Friday, January 3, 2014

NFL Coaches Thoughts

There were six coaches fired either during or after the season ended. Here are my thoughts on the jobs and where the holes are for each team...

Best Available Job: Lions
Easily the best and most complete team right now is the Detroit Lions. You have a QB who can sling it with the best of them, a tandem RB corps and an All-Pro (potentially HOF) WR. Now some might say that a QB that can sling it isn’t a great thing especially because Matthew Stafford has been known to turn the ball over like Brett Favre used to do. However, with his shortcomings, Stafford is still an elite deep throw QB, he just needs to work on his accuracy in the “short and mid” range passes. His decision-making has been sub par the last two years, but it is something that he can fix. He needs a better HC that focuses on bettering him, sadly he won’t get a HC that solely focuses on him, but hiring a better QB coach or OC would be the biggest benefactor for Stafford. Through association better play from Stafford will only help Calvin Johnson. The RBs have great potential and Joique Bell showed that this past season, all while Reggie Bush relived shades of USC in his hay days.

The biggest problems lie on defense. The team lost seven of its last eight games. The sad thing is Jim Schwartz was a defensive minded coach. So I’m not sure how much the front office is ready to hire another defensive coach that couldn’t win games with a lead. Part of the problem goes with Stafford’s INT problem, when he turns the ball over he usually did so when he was trying to score or deep in his own territory; those two locations are the worst places to have a turnover. However, with a better defense the Lions could at least hold teams to field goals or more three and outs. There is work to be done with both sides of the ball, but this team is only two years removed from the playoffs and they have the more reliable players.

“Worst” Available Job: Browns/Vikings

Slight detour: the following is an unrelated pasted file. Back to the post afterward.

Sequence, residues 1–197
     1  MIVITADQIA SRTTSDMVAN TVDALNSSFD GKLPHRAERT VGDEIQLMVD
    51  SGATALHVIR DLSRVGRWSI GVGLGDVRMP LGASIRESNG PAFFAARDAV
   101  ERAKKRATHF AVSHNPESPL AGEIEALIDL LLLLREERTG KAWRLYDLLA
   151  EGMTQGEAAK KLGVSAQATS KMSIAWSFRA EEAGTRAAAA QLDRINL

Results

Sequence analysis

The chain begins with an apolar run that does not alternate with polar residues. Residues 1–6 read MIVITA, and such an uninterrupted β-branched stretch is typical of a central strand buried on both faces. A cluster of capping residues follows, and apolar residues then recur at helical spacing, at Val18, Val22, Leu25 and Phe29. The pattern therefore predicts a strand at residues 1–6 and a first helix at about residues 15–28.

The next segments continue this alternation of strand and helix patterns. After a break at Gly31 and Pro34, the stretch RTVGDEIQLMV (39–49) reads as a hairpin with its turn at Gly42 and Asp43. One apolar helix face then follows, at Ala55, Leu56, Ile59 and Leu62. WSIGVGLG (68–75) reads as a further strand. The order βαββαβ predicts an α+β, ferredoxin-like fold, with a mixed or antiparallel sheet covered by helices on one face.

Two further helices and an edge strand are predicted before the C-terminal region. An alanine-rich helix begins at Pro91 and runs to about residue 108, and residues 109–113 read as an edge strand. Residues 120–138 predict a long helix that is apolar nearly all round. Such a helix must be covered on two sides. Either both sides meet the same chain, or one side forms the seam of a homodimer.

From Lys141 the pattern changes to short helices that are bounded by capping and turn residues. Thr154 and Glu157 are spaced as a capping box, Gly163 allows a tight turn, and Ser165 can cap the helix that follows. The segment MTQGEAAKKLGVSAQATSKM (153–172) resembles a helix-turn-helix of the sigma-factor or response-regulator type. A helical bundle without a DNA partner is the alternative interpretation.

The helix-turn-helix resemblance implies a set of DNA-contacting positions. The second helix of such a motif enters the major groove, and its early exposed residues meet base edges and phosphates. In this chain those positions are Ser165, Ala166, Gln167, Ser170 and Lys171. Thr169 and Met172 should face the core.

Now I’m not going to go in-depth with both teams separately because they both have the same or similar issues. The QB situation in both cities is, well, bleak to put it nicely. You have a 30+ year old who is only in his 3rd year, and a 4th year player who can’t throw a pass to his own team to save his life. The backups aren’t much better, the Tom Brady try-to-be-copycat and the one time could be answer in Oakland until Al Davis traded for the then washed up Carson Palmer. If you aren’t following me, Matt Cassel is in Minnesota and Jason Campbell in Cleveland as backups. The “starters” Christian Ponder for the Vikings and Brandon Weeden for the Browns are two of the worst QBs I’ve ever watched.  The only offensive bright spot for either team is in another skill position player; in Minnesota it’s Adrian Peterson (and becoming a helpful asset is Cordarrelle Patterson) and in Cleveland it’s WR Josh Gordon who (miraculously) became the first WR from Cleveland to lead the NFL in receiving yards. What makes that feat more impressive Gordon was suspended to start the season, so he led the NFL even without playing all 16 games. However, skill players are only good when you have a competent QB who can get them the ball…which as I’ve stated neither of these teams have their “answer/franchise QB” that they should (or would like to) have.